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Samuel Butler against the Professionals: Rethinking Lamarckism 1860–1900 by David Gillott

Reviewed by Madeleine Chalmers, University of Oxford

Samuel Butler against the Professionals: Rethinking Lamarckism 1860–1900, David Gillott. London: Legenda (Studies in Comparative Literature 32), Modern Humanities Research Association and Maney Publishing, 2015. £55.00. ISBN: 9781909662254.

 

The twenty-first century may just be Samuel Butler's moment. He has long been a marginal figure, but in an age characterised by technological development, public suspicion of 'experts', and burgeoning research into epigenetics, the maverick Victorian sheep farmer behind the satirical machinic evolutions of Erewhon (1872) is perhaps ripe for re-evaluation. David Gillott's rich monograph – the first on Butler for two decades – makes a valuable contribution to such a revival. It seeks to provide an encyclopaedic synthesis of the biographical, literary, theological, scientific, and aesthetic elements of Butler's seemingly eclectic oeuvre. As his title suggests, Gillott posits Butler as an 'anti-professional', prone to polemic against the emerging professional scientists and self-professed authorities of the mid- to late nineteenth century, who Butler lambasts as hypocritical and self-serving. Gillott then suggests that it is Butler's understanding of the pre-Darwinian and largely discredited French evolutionary biologist Jean-Baptiste Lamarck which – consciously or unconsciously – shapes this attitude.

            A dense introduction presents the framework for Gillott's study, with a particular focus on Lamarck's theory of inherited memory: the notion that we can inherit the abilities developed by our genetic ancestors, such that their conscious actions become our unconscious, instinctive ones. Gillott argues that Butler extends this notion from physical processes such as digestion all the way to artistic production, placing human will at the heart of evolution, rather than random, Darwinian mutations. Within this framework, Butler emerges as a non-binary thinker of continuity, instinct, and practical self-development. His version of the human individual is embedded in a network of inherited capabilities, including the technological prostheses by which we intervene in the world. For Butler, our knowledge (both inherited and acquired) constitutes our identity. It shapes what we produce and how we act in the world. Gillott argues that it is this Lamarckian-inflected 'harmonicism' which leads to Butler's distinctive anti-professionalism. In the chapters which follow, Gillot ranges with consummate familiarity across the full breadth of Butler's writing, from fiction to polemic to critical editions.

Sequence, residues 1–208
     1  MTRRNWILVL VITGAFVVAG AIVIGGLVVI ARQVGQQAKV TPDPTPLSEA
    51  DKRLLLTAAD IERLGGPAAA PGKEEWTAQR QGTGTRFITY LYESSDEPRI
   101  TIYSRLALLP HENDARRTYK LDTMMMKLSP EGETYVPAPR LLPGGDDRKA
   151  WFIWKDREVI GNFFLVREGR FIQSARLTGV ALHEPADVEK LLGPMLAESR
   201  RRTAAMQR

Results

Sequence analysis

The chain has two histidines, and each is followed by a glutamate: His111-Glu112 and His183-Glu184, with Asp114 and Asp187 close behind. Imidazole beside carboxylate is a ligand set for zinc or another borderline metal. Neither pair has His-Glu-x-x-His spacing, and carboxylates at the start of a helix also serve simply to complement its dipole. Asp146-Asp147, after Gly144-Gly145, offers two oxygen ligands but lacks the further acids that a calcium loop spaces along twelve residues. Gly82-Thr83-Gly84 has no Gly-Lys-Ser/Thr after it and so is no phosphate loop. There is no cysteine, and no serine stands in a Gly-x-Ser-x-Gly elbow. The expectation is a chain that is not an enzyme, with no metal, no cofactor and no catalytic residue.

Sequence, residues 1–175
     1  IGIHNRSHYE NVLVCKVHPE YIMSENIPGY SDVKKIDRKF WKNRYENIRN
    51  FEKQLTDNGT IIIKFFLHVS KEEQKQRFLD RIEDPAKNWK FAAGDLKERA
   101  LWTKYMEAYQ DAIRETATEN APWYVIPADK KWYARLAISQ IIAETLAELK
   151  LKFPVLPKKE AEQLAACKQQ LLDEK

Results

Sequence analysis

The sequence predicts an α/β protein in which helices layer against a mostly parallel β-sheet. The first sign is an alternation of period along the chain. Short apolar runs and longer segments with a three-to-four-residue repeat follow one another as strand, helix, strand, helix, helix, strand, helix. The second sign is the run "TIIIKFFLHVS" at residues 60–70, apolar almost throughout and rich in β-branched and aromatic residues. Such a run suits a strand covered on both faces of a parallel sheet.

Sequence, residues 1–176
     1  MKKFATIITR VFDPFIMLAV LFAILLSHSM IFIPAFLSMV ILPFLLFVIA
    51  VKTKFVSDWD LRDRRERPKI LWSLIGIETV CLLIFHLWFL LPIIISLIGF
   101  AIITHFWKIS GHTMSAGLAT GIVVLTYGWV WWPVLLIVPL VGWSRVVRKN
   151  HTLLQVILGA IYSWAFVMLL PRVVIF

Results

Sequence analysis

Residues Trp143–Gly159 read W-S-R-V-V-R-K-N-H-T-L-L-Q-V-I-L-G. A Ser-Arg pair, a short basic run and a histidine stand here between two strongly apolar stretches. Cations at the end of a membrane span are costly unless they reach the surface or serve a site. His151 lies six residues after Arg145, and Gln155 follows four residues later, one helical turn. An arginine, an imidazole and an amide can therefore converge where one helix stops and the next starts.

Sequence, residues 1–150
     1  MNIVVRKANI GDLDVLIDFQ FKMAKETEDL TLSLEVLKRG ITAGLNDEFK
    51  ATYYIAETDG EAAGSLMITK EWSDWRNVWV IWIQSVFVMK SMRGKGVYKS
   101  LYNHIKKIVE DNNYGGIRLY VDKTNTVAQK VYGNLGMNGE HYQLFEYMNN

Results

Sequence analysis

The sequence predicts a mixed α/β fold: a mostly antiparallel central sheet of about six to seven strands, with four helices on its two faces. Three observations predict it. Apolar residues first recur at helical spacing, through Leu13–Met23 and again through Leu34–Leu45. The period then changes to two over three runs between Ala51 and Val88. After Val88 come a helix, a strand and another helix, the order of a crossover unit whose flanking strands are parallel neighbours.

In his first chapter, Gillott tackles Butler's best-known text – the 'Book of the Machines' episode of Erewhon – through an in-depth contextualisation of Butler's evolutionary ideas. At the heart of his dissection are the 'logical absurdities' which, for Butler, result in the use and abuse of analogies for scientific purposes. Gillott digs back to early texts by Butler to uncover the underlying structures of his thought and his sources of inspiration, from William Paley's clockmaker to the doctrinal wranglings of the Church of England over infant baptism.

            He pursues his evolutionary theme in a second chapter which traces Butler's changing responses to Darwin's Origin of Species and the emergence of his suspicion of professional scientists. Gillott demonstrates how Butler began to dissolve the distinction between author and work: a writer's character was inextricably intertwined with his output. He argues that Butler's critiques of Darwin are fuelled as much by ambivalence towards Darwin's character and professional status, as by objections to his method or conclusions. Gillott carefully hints at how Butler's strong personal investment might also be a paradoxical intellectual liberation, in a comparison between Butler and the Darwinist Thomas Huxley: